The efficacy of androgen deprivation therapy for prostate adenocarcinoma has been known for more than 50 years.

Within the past 10 years, however, there has been an increasingly robust understanding of systemic side effects of such therapies. Much work has been done to find new management strategies to ameliorate these adverse effects, as well as new therapeutics to attenuate clinical complications.

Two of these — intermittent androgen deprivation therapy (ADT) and the use of denosumab (Xgeva, Amgen) — are highlighted by a recent patient case.

Amit Mehta

A 53-year-old man developed hematuria, prompting further investigation. Initial laboratory testing included a PSA, which was 5.9 ng/mL. The only other symptom he was experiencing was occasional pain in the perineal region, but he had no urinary difficulty. Biopsy revealed prostate adenocarcinoma, and subsequent radical prostatectomy documented a Gleason 4+5, T2c N0 M0 adenocarcinoma.

He had an uncomplicated postoperative course, with an undetectable PSA level 1 year later. However, at that point, the PSA began to rise to 0.18 ng/mL. He underwent salvage radiotherapy, but 9 months later, the PSA rose to 1.2 ng/mL. The only symptomatology during this time was intermittent right hip pain. Scans were negative for any suspicious lesions. He was started on androgen deprivation with leuprolide, and his PSA dropped to 0.4 ng/mL.

He sustained this response over the next year, although the PSA fluctuated between 0.3 ng/mL and 1 ng/mL.

Most disconcerting for the patient, however, was the fact he was experiencing a number of new symptoms consistent with side effects of ADT. These included fatigue, insomnia, sexual side effects (difficulty with erection) and the development of osteoporosis. The patient recently had gotten married and, hence, naturally had concerns about his quality of life on treatment.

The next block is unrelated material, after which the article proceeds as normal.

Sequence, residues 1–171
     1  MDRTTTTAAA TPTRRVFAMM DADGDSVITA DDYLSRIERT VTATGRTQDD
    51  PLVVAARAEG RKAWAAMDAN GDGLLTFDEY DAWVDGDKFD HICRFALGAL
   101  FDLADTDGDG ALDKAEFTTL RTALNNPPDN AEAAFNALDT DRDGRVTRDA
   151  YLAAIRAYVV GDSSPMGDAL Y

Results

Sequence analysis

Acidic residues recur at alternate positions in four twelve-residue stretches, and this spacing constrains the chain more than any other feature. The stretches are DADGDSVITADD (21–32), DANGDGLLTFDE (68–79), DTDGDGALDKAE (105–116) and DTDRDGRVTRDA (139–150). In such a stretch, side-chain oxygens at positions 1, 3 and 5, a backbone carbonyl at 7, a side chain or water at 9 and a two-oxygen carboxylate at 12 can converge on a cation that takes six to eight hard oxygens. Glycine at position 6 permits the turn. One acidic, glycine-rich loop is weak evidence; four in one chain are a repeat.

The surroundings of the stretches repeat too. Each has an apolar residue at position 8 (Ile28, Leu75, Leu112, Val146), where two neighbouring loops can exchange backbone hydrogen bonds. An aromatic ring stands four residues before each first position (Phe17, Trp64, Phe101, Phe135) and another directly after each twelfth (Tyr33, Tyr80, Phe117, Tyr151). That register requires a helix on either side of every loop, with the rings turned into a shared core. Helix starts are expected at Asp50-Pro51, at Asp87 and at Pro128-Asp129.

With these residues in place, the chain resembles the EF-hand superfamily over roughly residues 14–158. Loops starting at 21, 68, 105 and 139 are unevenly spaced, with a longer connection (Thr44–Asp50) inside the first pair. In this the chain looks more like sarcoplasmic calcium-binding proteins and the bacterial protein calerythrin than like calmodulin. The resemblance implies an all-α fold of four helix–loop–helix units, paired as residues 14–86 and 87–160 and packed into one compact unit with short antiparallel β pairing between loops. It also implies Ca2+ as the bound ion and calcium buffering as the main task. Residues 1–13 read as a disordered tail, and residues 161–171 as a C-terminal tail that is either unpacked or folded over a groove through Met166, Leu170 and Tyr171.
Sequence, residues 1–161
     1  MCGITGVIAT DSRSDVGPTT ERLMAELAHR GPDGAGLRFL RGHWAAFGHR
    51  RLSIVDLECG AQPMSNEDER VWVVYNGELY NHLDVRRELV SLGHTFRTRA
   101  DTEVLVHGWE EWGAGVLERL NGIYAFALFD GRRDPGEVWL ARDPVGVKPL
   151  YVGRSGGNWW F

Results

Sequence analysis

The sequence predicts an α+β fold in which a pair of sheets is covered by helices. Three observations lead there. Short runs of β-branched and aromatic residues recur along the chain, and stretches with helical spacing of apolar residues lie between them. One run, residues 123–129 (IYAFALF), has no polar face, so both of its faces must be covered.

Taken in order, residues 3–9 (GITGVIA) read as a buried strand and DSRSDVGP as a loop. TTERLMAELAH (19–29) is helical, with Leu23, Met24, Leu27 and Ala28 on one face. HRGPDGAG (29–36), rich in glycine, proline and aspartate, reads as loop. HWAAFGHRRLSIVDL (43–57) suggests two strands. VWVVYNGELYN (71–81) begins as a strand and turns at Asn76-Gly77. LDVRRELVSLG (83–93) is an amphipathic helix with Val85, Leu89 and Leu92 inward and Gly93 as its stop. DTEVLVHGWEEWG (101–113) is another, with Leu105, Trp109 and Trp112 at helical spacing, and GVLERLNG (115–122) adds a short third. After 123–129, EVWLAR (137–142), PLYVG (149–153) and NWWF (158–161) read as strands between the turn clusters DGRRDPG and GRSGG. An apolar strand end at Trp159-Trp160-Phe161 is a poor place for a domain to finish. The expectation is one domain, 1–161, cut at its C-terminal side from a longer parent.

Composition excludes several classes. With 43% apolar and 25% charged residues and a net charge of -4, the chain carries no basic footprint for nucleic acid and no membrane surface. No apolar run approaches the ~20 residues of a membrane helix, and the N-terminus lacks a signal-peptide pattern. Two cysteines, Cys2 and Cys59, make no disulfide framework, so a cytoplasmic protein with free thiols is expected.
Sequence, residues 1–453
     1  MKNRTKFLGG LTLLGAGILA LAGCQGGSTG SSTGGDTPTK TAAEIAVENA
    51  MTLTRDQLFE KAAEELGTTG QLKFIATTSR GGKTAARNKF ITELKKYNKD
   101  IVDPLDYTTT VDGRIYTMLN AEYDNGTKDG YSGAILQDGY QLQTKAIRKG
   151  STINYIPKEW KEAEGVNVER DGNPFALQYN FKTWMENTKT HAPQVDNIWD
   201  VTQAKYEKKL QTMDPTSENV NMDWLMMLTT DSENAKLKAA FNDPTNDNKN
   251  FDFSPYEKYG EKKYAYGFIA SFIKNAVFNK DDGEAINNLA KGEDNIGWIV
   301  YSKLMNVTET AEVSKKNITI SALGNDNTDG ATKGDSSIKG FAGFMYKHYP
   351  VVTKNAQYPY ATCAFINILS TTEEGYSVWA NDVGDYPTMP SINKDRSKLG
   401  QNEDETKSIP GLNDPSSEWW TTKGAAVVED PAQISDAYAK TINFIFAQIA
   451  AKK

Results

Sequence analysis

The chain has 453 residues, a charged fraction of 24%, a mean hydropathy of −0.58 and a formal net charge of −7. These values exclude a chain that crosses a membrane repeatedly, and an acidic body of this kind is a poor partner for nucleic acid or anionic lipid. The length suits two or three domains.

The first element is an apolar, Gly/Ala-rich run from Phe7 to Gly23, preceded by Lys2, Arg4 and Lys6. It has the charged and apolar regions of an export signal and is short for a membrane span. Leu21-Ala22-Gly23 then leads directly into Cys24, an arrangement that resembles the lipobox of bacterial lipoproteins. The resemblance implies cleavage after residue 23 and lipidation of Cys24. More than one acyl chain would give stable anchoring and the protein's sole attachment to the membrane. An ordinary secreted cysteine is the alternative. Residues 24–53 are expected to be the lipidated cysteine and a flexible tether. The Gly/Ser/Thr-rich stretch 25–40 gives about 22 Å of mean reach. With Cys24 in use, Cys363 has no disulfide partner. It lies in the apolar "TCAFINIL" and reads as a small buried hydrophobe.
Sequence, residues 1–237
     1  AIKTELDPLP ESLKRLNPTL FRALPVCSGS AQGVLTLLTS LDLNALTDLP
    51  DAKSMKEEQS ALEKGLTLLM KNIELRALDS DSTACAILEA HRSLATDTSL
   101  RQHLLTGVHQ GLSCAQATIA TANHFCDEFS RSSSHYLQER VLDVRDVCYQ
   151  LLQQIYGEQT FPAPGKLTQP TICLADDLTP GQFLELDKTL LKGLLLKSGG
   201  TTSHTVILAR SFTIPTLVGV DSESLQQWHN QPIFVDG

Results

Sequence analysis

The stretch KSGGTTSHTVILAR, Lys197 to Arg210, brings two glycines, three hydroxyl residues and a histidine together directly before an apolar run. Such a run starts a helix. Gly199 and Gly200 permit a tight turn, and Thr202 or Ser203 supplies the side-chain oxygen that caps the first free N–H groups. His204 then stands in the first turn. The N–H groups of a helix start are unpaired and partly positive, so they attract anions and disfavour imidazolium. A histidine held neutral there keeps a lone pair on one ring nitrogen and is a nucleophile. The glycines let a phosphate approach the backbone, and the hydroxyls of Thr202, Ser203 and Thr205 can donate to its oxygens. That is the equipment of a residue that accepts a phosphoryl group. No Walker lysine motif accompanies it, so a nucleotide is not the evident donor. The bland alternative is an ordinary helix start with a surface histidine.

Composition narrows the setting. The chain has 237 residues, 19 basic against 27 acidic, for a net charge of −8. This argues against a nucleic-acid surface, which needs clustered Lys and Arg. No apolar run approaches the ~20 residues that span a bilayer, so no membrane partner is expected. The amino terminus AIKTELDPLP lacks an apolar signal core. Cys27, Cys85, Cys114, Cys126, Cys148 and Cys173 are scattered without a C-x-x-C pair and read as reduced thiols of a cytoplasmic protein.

At the time of these symptoms, the patient had a PSA value of 0.24 ng/mL and a testosterone level of less than 10 ng/dL. Given the presentation, the option of intermittent ADT was discussed with the patient, and he chose to take that approach. As such, leuprolide was held while monitoring his symptoms and lab studies.

After 4 months, the serum testosterone returned to the normal range at 396.1 ng/dL. His symptoms gradually began to improve, as well. He reported better energy and fewer sexual side effects. During the subsequent 6 months, the PSA fluctuated between 0.7 ng/mL and 1.4 ng/mL, and it most recently was recorded at 1.03 ng/mL.

Concomitantly, the patient was begun on denosumab for skeletal event prevention, as he has documented osteoporosis and continues on hormonal therapy — albeit now intermittently — for prostate cancer. He continues to do well without bone pain, and he also is on calcium and vitamin D supplementation.

Discussion

The patient shares several common predicaments that many prostate cancer patients on ADT face.

Although his PSA has been fairly well controlled, he has multiple concerning side effects affecting his quality of life, including osteoporosis in the setting of ongoing hormonal therapy. Fortunately, data have emerged within the past year to support better management options for these patients.